Frida Hansdotter was one to blink and she slipped down the leaderboard. Next up was the outgoing defending World Cup Giant Slalom Champion, Viktoria Rebensburg. The German overhauled the lead of Lindell-Vikarby by half a second and you could see that she was heading in the right direction but would it be enough. Still the snow was falling but the cloud that had threatened to play a more significant role started to move away from the top of the course.

With Maria Hoefl-Riesch over a second behind Fenninger after the first run, she knew that she had to give it her all for the second run to try and make it onto the podium. Hoefl-Riesch has had a quiet season this year yet still sits second in the Overall race, a whopping great 417 points (after this race) behind Maze. The delight was etched across her face as she came down to take the lead with just three to go. Hoefl-Riesch said afterwards that despite it being fourth place, she was still really happy with the result. “These are the best girls in the world and it is good to be up there fighting with them,” she explained.

The time Hoefl-Riesch spent in the leaders enclosure was brief as Maze came down and showed her intent by increasing the time difference between the two of them to over half a second. Two left. Next up was Worley.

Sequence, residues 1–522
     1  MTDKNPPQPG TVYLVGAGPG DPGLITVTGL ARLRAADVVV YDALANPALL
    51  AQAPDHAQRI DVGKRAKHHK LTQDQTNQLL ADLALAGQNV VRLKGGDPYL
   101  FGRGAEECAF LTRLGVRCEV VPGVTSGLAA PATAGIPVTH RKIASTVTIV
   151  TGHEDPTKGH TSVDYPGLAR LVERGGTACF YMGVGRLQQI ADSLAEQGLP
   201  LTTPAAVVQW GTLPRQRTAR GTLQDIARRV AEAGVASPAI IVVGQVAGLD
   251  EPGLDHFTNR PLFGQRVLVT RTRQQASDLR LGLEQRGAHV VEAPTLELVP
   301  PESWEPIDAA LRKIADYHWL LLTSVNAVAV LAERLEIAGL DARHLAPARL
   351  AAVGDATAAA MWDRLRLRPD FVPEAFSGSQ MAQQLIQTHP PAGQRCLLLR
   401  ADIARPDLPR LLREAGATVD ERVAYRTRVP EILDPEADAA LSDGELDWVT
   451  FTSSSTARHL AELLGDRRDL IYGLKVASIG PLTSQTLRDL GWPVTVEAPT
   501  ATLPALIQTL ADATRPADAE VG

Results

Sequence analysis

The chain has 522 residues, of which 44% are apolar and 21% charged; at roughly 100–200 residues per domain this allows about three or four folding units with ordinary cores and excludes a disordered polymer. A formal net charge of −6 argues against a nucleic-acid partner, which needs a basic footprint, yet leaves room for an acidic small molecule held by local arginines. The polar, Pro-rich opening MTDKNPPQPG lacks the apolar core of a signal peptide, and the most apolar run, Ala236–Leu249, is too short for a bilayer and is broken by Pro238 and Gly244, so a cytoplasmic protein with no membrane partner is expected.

Tessa Worley said after the race that it is hard to get on the podium when all the racers are skiing so well so she was happy. “I am trying to ski more consistent all the time so I am pretty satisfied with this.” Worley was always close to Maze’s times but the Slovenian was always just faster and this remained the way at the finish line.

So as Fenninger prepared herself for the run of her life, would Maze hold on for the win or would Fenninger make this her second career World Cup win?

If Fenninger was nervous she hardly showed it.  The top section of the course is flat and requires the racers to be low and smooth, clean and fast. There is not much opportunity to gain speed so Fenninger, with almost a second advantage over Maze, the leader in the finish, could have been excused for relaxing a little. She would have none of this and told herself in the start hut that without risk there would be no fun. She attacked all the way down and was rewarded with not only the win but also the fastest second run time as well. This was an awesome performance.

After the race the Austrian said that she was not thinking about the winning margin but was just trying to ski well: She certainly showed this. Fenninger showed that she can ski well both when the snow is soft as per the first run and also when it is bumpy, as per the second run.

So Fenninger took the win that lifts her to fourth in the race for the Overall and also fourth in the Giant Slalom standings. Maze is out of sight in the Giant Slalom race, she leads by 198 points with two races left ahead of Kathrin Zettel. In the race for the overall Hoefl-Riesch faces a deficit of 417 points; Zettel is third a further 80 points adrift. Lindsey Vonn is fifth behind Fenninger and is targeting a comeback at St Anton in the New Year.

The Slalom on Saturday night will see no Marlies Schild as the Austrian’s season is over after she injured her right knee in the warm up to the Are Slalom.